Lithuania hopes euro zone membership will be worth the wait

December 30, 2014

With the dawn of the new year on Thursday, Lithuania will become part of the euro zone, joining fellow Baltic nations Estonia and Latvia. All European Union countries except Denmark and the United Kingdom are required to adopt the euro as their national currency, and Lithuania, which joined the EU in 2004, is the only country to have been rejected for Euro membership, when in 2006 concerns about its high inflation rate kept Vilnius on the outside looking in.

But as this Reuters graphic shows, Lithuania’s fortunes have much improved. At 0.4 percent, its inflation rate is just a hair above the euro zone average of 0.3 percent, and its 9.5 percent unemployment rate, while high, is right in the middle of the pack, and comfortably below the zone average of 11.5 percent. Lithuania’s 1.3 percent real GDP growth rate beats both of its Baltic partners and is again well above the -2.2 percent Euro Zone average.

With the move, which does not come with Russia’s blessing and has mixed popular support, Lithuania hopes to gain access to further Western markets—and the economic security therein entailed. The Lithuanian currency, the lita, has been pegged to the euro since 2002, and was tied to the dollar before that, so the shock shouldn’t be huge. Which isn’t to say it will be entirely painless: Service to local automatic teller machines will be interrupted for the just over an hour as the new year rings in the new currency, and as the Shanghai Daily wrote today, “It is reported that even Algirdas Butkevicius, the Prime Minister, will have to wait for at least 10 minutes after New Year’s midnight to cash first euros in a ceremony.”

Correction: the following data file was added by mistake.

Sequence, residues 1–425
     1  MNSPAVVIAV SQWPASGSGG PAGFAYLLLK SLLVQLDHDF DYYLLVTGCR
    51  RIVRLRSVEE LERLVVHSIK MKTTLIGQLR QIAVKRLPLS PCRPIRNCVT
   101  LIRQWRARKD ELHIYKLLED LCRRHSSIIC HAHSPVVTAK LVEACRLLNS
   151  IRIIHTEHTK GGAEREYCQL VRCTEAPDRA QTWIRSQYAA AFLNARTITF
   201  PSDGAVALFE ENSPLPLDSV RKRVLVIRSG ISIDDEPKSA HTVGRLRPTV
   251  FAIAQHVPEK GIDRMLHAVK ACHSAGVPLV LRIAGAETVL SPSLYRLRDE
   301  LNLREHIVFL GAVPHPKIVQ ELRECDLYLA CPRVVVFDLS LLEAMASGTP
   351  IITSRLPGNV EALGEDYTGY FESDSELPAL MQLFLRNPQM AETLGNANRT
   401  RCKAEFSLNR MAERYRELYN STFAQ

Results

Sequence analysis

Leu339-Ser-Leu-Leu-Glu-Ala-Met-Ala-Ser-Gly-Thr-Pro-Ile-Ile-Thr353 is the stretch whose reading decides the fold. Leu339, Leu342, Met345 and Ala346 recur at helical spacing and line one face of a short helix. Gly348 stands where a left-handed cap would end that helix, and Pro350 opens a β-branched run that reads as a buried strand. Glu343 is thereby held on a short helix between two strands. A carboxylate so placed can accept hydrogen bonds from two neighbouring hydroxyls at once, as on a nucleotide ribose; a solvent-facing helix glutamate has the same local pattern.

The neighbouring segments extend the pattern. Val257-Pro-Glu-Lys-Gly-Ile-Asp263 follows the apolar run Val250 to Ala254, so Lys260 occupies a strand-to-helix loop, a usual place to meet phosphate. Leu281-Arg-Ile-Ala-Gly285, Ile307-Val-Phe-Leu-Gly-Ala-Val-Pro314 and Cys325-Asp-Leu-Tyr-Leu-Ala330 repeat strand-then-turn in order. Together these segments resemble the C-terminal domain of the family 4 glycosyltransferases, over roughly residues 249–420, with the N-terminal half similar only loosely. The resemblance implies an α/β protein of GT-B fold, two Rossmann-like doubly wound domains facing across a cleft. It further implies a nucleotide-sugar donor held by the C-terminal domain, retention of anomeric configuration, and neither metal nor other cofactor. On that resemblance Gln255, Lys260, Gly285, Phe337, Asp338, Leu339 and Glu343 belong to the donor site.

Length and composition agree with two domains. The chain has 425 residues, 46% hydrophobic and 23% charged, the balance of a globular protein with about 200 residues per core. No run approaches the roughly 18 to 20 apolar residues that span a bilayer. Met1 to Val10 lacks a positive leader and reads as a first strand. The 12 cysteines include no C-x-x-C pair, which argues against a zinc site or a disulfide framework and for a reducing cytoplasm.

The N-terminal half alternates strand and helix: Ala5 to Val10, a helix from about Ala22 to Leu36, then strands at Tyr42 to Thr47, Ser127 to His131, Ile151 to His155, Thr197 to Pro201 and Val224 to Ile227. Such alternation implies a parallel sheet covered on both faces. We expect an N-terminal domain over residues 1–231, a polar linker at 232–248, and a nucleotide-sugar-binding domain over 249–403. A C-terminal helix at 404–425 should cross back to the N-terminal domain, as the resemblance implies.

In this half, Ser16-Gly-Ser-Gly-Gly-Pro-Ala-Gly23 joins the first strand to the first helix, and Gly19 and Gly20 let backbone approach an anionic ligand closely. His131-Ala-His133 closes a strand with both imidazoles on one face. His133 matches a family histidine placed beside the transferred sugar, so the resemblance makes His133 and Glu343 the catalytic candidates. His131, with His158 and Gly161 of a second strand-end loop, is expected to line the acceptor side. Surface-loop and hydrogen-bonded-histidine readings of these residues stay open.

We welcome comments that advance the story through relevant opinion, anecdotes, links and data. If you see a comment that you believe is irrelevant or inappropriate, you can flag it to our editors by using the report abuse links. Views expressed in the comments do not represent those of Reuters. For more information on our comment policy, see

Cash in on the Euro? LOL. Tell that to Greece!

Posted by PaperTrails | Report as abusive

The same thing will happen as happened in every Eurozone country:

-the rich, banks and corporations will benefit
-the middle class will pay for everything
-the poor get poorer
-unemployment goes up

This has happened everywhere the wealth-destroying Euro was introduced.
Oh, and you’re on the hook for Greek and Italian debt now.

Posted by marvri75 | Report as abusive

Dear Mr Corones,

Thank you so much for not adding that “ex-Soviet state of” prefix before the name of our country. Truly refreshing. Most Western news sites still feel the need to remind the readers that Baltic countries were once Soviet. I wonder why. Nobody is calling Germany “ex-Nazi state of Germany”.

Posted by Hoegaarden | Report as abusive